You lament the commoditization of your services, but are you doing anything to differentiate your firm, and in turn, earn better fees?
We have all had the experience of standing with a group of our peers at an industry function bemoaning as a group the low fees being paid by our clients for our services. We keep asking: How can our clients think so little of our expertise and quality? Then we all go home, get up the next morning, go to the office and continue to send out fee proposals based on what we think the market will bear and not based on what our services are worth nor even what it costs us to provide those services. So the reality is that it is not our clients who think so little of our firms, it is we who think so little of ourselves.
But if your product and level of service are no different than the other firms in your market, emerging from the pit of commodity pricing can be extremely difficult, if not impossible. So what should you do to avoid being the next “widget” of the A/E community?
- Take a hard look in the mirror. Before you can formulate a change strategy, you have to make a critical assessment of your firm and your markets. What are your strengths and weaknesses? What are your areas of expertise? Are your markets saturated with other firms? Who are the best peer firms and why are they considered the best? You also need to realize that you may be too close to this conversation to have the candid evaluation that is needed. After all, aren’t you the one who thinks your graying hair makes you look distinguished and not just old? For that reason, enlist outside help to independently facilitate this evaluation. If you are serious about implementing change, the cost of this assistance is worth it so that you can start with the best data.
- Determine your differentiators. The only real way to be allowed to appropriately or even aggressively price your work is to be different from those around you. But this cannot be differentiation by catchphrase. It must be tangible and demonstrable in how you operate compared to others. How tired is your client of hearing value-added or cost-effective or schedule-driven when none of these are shown in your work? Just saying that you are better does not make you better no matter how much you wish it were so. Also, your differentiators cannot be differentiators that only matter to you because you are not selling to yourself. Those differentiators must be operating traits or expertise that matter to your clients. The differentiators that you promote may vary client to client as the needs and desires of your clients vary. Your firm should not strive to be all things to all clients, but you can interface and provide different expertise to different clients provided they are the right clients for your firm.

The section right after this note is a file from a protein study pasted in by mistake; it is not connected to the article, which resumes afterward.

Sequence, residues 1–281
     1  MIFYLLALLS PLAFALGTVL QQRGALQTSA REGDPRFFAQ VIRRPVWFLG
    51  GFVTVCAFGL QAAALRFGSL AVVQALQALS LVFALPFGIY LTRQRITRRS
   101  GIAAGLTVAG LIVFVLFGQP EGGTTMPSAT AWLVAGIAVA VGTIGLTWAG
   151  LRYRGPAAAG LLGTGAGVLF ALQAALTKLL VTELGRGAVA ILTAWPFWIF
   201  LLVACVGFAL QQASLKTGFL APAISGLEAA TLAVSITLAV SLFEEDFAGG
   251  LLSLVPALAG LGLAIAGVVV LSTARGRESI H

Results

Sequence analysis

- Be consistent. You must be consistent in your approach. You cannot give your client an appropriate yet higher fee on one project only to turn around on the next and drop the bottom out of your fee just because you “have to have the job.” By doing so, you have either told your client that you were trying to price gouge him on your first fee or that you are going to reduce your services and quality on your second fee. Either way, it is not a message that you want to send, and it is not a sustainable approach toward maintaining your client.
- Be willing to say goodbye. While you may have been the one sending out undervalued fee proposals, your clients were the ones expecting them and will be the ones continuing to expect them. You may be able to rehabilitate some of these clients to ultimately pay proper fees, but others will not be willing to change. The only solution to that dilemma is to say good-bye and move on to those clients who value your firm. You have finite resources and you want to use those resources to maximize your benefit.
- Delivery on your claims. Absent fulfillment of your commitments of service, quality, expertise and a differentiating experience for your clients, you will not be able to sustain requests for higher fees. We have all seen firms that start out with a flash, rapidly gain market presence, and then crash when they cannot consistently deliver on their promise. How many of those firms gained all that early attention because the one differentiator that they had in the beginning was lower fees? Yes, they were a huge disruptor in the marketplace, but without providing the differentiating benefits to their clients, they fade to the background.
Bottom line – value your firm. It all starts with you. If you do not place value on your firm, why should your clients? Know your differentiators, be able to demonstrate them, and deliver on them internally and externally. Build a profitable path for your firm based on a great reputation, not as a commodity, and your results should be nothing short of wonderful.
Stephen Lucy is CEO of JQ with offices in Austin, Dallas, Fort Worth, Houston and Lubbock, Texas. Contact him at firstname.lastname@example.org.